Understanding the world of assisted living and nursing homes can be like learning a new language. Add a bit of dementia and a worldwide pandemic to the mix and the recipe becomes messy. Advocating for your senior under these circumstances requires creativity and perseverance!
5 strategies to advocate for your senior in an assisted living facility or nursing home
1. Make use of “compassionate care visits”, available under certain circumstances. These may include end-of-life situations, but those are not the only circumstances that qualify. According to the Department of Health & Human Services Centers for Medicare & Medicaid Services, compassionate care situations include, but are not limited to:
• A resident, who was living with their family before recently being admitted to a nursing home, is struggling with the change in environment and lack of physical family support.
• A resident who is grieving after a friend or family member recently passed away.
• A resident who needs cueing and encouragement with eating or drinking, previously provided by family and/or caregiver(s), is experiencing weight loss or dehydration.
• A resident, who used to talk and interact with others, is experiencing emotional distress, seldom speaking, or crying more frequently (when the resident had rarely cried in the past).
Allowing a visit in these situations would be consistent with the intent of “compassionate care situations.” Also, in addition to family members, compassionate care visits can be conducted by any individual that can meet the resident’s needs, such as clergy or lay persons offering religious and spiritual support.
2. Don’t hesitate to speak up as your senior’s advocate. This is not the time to worry about being “liked”. Just remember to be courteous. Dozens of times I specifically spoke up about an IV. I usually say something like, “I appreciate you, but he’s an impossible stick so we need the specialist.” I imagine how I’m going to feel if I don’t stand up and ask for what my senior needs.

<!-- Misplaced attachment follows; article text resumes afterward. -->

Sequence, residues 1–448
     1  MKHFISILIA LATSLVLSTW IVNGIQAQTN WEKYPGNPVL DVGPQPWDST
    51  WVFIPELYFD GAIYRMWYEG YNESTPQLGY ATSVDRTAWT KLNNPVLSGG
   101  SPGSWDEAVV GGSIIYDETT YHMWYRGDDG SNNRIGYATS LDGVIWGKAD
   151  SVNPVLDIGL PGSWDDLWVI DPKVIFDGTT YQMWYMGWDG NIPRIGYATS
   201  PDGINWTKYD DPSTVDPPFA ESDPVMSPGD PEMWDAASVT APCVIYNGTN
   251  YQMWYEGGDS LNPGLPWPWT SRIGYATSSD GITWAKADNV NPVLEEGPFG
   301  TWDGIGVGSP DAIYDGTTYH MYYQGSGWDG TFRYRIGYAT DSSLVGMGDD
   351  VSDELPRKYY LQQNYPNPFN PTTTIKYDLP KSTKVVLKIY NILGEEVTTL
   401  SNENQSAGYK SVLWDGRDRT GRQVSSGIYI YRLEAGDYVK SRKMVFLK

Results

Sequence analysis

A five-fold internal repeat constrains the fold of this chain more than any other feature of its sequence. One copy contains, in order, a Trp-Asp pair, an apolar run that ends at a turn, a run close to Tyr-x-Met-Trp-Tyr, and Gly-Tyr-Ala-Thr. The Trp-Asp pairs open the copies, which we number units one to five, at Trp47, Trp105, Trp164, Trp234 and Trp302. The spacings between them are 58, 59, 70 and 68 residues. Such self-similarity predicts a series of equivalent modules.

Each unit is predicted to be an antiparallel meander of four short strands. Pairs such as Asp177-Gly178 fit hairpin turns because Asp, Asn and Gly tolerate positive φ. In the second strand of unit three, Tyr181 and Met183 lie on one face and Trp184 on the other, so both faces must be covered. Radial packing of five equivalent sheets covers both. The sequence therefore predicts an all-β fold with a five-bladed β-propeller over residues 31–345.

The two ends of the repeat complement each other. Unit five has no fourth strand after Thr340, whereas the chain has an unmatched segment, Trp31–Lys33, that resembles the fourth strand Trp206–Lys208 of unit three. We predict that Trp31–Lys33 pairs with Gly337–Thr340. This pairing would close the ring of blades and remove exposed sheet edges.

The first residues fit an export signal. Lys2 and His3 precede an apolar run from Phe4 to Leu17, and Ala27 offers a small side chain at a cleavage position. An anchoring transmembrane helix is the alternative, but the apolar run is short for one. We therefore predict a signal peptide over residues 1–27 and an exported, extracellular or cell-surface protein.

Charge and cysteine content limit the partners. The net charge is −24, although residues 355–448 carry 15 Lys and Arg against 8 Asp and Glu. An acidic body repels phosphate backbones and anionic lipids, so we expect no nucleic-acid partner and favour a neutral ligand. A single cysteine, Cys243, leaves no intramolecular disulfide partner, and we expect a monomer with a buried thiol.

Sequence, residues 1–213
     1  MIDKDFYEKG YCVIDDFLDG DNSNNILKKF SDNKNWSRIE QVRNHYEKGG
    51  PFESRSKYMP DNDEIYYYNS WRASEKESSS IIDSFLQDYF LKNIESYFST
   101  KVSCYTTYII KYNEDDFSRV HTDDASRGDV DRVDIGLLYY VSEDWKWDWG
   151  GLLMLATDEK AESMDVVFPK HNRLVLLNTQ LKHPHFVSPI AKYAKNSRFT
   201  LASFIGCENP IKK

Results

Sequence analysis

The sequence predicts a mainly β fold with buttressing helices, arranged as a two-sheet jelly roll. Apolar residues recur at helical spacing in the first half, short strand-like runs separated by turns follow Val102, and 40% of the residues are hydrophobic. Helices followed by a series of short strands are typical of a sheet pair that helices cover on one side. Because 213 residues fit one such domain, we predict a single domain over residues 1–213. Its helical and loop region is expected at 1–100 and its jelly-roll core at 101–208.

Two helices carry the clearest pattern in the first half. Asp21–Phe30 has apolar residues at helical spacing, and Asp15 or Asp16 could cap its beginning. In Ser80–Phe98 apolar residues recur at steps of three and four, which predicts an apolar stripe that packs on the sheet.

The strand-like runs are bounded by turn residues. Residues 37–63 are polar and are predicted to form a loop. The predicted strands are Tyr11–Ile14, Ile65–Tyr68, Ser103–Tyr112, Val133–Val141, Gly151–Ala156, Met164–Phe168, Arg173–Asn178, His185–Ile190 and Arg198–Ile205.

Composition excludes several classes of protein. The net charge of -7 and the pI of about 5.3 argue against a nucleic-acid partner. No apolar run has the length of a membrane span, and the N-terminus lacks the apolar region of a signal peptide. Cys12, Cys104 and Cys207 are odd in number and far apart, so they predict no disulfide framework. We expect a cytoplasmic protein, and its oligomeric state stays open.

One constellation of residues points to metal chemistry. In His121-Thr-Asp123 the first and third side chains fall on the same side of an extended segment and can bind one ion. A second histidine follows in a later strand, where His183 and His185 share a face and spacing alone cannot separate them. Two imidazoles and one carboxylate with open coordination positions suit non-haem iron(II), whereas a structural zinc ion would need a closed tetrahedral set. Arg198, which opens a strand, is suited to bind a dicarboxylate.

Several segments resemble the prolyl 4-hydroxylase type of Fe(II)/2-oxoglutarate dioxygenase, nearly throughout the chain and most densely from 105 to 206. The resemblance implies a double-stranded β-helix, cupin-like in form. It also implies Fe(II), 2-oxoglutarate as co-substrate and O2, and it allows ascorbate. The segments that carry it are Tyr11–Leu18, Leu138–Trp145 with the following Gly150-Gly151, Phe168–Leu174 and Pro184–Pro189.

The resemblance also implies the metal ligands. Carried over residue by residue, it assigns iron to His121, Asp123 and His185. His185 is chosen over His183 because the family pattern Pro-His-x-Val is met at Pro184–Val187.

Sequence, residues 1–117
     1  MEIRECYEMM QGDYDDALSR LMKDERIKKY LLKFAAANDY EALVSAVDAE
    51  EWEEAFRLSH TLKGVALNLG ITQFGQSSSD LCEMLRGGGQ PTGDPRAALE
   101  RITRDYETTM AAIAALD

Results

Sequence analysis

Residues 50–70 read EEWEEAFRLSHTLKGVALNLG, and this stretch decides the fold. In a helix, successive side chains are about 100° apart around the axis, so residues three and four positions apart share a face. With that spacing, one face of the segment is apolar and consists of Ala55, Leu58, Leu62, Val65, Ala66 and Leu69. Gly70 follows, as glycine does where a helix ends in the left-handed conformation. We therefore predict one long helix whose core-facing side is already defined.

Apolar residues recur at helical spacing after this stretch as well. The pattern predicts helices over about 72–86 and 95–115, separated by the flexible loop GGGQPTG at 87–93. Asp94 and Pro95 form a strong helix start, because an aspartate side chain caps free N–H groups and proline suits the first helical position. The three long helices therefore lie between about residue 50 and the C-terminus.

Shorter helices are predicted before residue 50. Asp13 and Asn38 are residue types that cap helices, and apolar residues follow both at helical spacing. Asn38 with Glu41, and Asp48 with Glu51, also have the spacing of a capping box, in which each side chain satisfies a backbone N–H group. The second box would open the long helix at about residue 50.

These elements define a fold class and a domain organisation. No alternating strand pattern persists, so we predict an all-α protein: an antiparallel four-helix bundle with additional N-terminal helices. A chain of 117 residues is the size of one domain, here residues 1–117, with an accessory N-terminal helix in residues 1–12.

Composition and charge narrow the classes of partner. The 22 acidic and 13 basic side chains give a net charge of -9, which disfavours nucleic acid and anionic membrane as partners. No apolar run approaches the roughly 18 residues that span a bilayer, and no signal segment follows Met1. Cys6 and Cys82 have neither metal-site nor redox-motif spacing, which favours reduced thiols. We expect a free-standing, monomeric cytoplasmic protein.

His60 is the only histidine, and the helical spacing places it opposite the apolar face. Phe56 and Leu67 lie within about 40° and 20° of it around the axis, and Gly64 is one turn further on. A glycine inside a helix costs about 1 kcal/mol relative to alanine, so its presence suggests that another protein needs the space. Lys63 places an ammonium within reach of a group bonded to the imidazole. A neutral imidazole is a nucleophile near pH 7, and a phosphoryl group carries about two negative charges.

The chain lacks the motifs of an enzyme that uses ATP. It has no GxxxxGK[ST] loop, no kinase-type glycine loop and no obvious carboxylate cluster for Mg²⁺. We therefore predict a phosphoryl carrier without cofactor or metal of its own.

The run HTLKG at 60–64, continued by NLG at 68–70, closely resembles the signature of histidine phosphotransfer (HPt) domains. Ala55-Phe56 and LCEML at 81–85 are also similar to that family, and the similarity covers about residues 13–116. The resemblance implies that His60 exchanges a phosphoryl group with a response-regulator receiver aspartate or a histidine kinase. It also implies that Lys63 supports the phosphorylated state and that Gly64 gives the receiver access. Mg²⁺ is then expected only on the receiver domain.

In general, try to understand the situation before you begin expressing your concerns. Let’s say you are concerned that your senior isn’t getting their physical therapy. Bring it up with the most appropriate person by commenting in a neutral way: “My dad said something about not having PT. I’m curious to understand his current PT schedule and how that’s going.” You’ll likely get a much better response than, “Why is my dad not getting his PT?!”
3. Establish one point of contact at your senior’s residence. Discover the best time of day for them to talk with you regarding their updates and observations. Specifically ask, “Do you see any changes that concern you?” If you can regularly talk to the same person, consider setting up a 1-5 scale regarding how your senior is doing overall. This way you can more objectively compare day to day. Keep good notes about these conversations with dates and the names with whom you’ve spoken.
4. Set up a time to talk to your parent using video technology. It’s very hard to advocate for your senior if you cannot see them. When you see them (even if it’s just over video call) you can pay attention to things like: is their hair combed, have they lost weight or simply do they look like themselves or not. Nursing home or assisted living staff should be able to assist you with setting up these calls. Some places have a tablet for video calls that can be sanitized and shared between residents.
5. Should you have concerns about the care your senior is receiving, first ask to talk to the director of the nursing home. Keep good notes about what exactly was discussed. If you feel that the issues or concerns are not being addressed despite your continued attempts, contact the Long-Term Care Ombudsman Program in your state to assist you.
What is a Long-Term Care Ombudsman?
An ombudsman (pronounced aam·buhdz·muhn) is a trained volunteer who acts as an advocate for residents of nursing homes, adult family homes, and assisted living facilities. Their purpose is to protect and promote the Resident Rights guaranteed these residents under Federal and State law and regulations. They are trained to receive complaints and resolve problems in situations involving quality of care, use of restraints, transfer and discharge, abuse and other aspects of resident dignity and rights.
May you find joy in loving one another well, even if it has to be from afar!
Elizabeth Dameron-Drew is the Co-Founder & President of Ways & Wane. She walked closely with her own father through his years of waning. She lives near Seattle, Washington with her two teenage sons, husband and two rescue dogs. When she’s not working on this platform she’s probably creating books, sewing, or vacuuming, or cooking while listening to the rain and thinking about her next creative endeavor.